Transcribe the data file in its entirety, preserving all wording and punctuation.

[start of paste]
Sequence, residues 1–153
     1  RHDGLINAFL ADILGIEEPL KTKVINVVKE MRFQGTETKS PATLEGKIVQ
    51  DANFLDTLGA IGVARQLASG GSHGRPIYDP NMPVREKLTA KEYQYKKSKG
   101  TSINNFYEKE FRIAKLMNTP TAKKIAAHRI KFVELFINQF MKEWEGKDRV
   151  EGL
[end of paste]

Sequence, residues 1–153
     1  RHDGLINAFL ADILGIEEPL KTKVINVVKE MRFQGTETKS PATLEGKIVQ
    51  DANFLDTLGA IGVARQLASG GSHGRPIYDP NMPVREKLTA KEYQYKKSKG
   101  TSINNFYEKE FRIAKLMNTP TAKKIAAHRI KFVELFINQF MKEWEGKDRV
   151  EGL